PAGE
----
Global Manufacturing Competitiveness Index

Talent seen as key to success says Deloitte and U.S. Council on Competitiveness

WASHINGTON, D.C., 23 June 2010: A report issued today indicates that access to talented workers capable of supporting innovation is the key factor driving global competitiveness at manufacturing companies—well ahead of “classic” factors typically associated with competitive manufacturing, such as labor, materials, and energy. Further, difficulties accessing the right kind of talent are likely to contribute to the United States’ becoming less globally competitive in the next five years.

These are the findings of the 2010 Global Manufacturing Competitiveness Index, a research report from Deloitte’s Global Manufacturing Industry group and the U.S. Council on Competitiveness. The report is based on the responses of more than 400 chief executive officers and senior manufacturing executives worldwide to a survey conducted in late 2009 and early 2010. It also draws on select interviews with key manufacturing decision makers.

“At its broadest level, the study confirms that the global competitive landscape for manufacturing is undergoing a transformational shift that will reshape the drivers of economic growth, high-value job creation, national prosperity, and national security,” according to Deborah L. Wince-Smith, president and chief executive officer of the U.S. Council on Competitiveness.

A key finding of the report was that talent-driven innovation ranked the most significant driver of competiveness in most markets. The top three drivers─talent-driven innovation, cost of labor and materials, energy cost and policies─remain relatively stable across all geographic regions, with the most notable differences being Mexico and South America, where ‘quality of physical infrastructure’ outranked talent.

“A strong manufacturing sector is a crucial component of a country’s intellectual capital, innovation capacity, and economic prosperity. In today’s environment, manufacturing competitiveness is driven by an empowered talent base, especially as manufacturers around the world integrate technology platforms and interfaces into their products,” said James Quigley, CEO, Deloitte Touche Tohmatsu. “From the Americas to Europe and from Asia, to Africa, understanding the public policy and market forces that shape the manufacturing landscape is essential to winning in the global economy.”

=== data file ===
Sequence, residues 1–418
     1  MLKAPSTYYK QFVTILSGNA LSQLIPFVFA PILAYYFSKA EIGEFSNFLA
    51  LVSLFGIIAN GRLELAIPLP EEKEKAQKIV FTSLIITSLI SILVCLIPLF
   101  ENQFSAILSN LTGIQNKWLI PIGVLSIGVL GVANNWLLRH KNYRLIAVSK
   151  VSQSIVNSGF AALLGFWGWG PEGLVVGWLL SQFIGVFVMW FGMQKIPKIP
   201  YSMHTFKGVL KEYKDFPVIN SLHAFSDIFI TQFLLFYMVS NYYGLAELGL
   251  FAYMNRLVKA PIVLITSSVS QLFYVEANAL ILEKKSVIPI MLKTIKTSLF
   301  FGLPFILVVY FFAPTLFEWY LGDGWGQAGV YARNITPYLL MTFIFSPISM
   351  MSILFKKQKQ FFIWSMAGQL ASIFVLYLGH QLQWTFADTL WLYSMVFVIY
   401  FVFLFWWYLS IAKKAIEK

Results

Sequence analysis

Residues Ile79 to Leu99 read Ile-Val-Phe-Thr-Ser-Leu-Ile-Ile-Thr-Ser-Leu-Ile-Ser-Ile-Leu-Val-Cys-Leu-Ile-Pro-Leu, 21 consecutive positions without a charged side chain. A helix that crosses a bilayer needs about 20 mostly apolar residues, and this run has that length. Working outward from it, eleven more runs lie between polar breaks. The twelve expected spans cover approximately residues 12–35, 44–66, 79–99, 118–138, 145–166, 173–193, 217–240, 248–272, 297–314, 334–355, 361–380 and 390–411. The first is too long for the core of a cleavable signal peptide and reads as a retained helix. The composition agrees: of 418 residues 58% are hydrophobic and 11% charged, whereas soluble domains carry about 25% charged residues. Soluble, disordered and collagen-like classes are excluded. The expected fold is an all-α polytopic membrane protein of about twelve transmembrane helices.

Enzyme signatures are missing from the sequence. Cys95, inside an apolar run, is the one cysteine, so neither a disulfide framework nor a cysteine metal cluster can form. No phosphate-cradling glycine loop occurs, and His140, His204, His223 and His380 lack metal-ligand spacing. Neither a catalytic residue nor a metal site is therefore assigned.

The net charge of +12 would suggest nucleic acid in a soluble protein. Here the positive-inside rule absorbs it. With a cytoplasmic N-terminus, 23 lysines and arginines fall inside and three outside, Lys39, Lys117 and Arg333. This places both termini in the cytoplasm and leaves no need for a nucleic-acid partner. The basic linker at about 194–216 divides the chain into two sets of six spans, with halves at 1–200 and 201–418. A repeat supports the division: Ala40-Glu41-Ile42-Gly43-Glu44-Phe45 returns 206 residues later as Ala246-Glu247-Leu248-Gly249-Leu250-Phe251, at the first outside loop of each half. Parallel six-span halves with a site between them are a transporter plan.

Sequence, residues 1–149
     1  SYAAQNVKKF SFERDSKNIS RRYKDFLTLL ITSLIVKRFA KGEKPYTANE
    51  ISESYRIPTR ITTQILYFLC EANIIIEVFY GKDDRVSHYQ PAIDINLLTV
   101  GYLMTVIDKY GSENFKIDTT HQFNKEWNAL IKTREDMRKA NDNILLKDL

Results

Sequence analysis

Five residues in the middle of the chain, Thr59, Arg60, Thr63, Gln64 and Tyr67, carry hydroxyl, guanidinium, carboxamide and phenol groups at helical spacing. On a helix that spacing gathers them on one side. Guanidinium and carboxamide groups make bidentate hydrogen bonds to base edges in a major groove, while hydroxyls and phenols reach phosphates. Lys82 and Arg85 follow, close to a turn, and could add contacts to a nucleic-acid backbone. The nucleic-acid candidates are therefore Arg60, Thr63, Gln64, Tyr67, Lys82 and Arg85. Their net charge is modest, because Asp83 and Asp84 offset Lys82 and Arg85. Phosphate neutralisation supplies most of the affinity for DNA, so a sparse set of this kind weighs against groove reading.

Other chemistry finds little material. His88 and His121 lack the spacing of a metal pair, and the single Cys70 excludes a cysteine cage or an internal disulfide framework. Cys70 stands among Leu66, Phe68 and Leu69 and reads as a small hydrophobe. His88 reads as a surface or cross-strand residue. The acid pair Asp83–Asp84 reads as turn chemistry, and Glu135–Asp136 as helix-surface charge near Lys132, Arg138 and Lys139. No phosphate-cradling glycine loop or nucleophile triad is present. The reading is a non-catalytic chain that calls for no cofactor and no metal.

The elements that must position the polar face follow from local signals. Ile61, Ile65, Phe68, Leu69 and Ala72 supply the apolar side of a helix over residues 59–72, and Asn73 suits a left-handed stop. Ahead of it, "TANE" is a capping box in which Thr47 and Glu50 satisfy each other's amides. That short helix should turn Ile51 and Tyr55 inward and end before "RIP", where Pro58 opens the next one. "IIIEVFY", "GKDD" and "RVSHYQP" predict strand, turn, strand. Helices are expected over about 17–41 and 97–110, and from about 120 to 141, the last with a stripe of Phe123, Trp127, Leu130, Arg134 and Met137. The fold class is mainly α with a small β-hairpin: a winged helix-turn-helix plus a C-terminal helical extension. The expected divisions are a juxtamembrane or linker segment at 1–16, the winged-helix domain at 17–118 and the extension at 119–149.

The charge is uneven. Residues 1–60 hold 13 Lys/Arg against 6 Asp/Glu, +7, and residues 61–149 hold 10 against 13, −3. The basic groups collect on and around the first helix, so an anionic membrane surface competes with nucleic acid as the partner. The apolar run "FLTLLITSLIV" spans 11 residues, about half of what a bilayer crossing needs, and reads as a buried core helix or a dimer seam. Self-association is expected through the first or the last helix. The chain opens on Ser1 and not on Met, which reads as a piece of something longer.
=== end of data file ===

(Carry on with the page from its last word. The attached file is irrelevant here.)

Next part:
Newcomer economies to gain ground — while United States slips
The report also identified the emergence of a new group of leaders in the manufacturing competitiveness index over the next five years. These include Mexico, Poland, and Thailand—countries not always considered alongside longer-standing, up-and-comers like Brazil and Russia. Not unexpectedly, Asian giants like China, India, and the Republic of Korea are projected to dominate the Index in five years, as they do now.

Further, dominant manufacturing super powers of the late 20th century—the United States, Japan, and Germany—are expected to become less competitive in five years. Other Western European nations will be similarly challenged, especially the Czech Republic, the Netherlands, Switzerland, the United Kingdom, Ireland, Italy, and Belgium—a finding made more dramatic by the continuing upheaval of the Euro.

“All Western European nations show an expected decline in rank over the next five years, which should be a cause for concern across the Continent,” says Hans Roehm, Global Managing Partner, DTT Global Manufacturing Industry Group.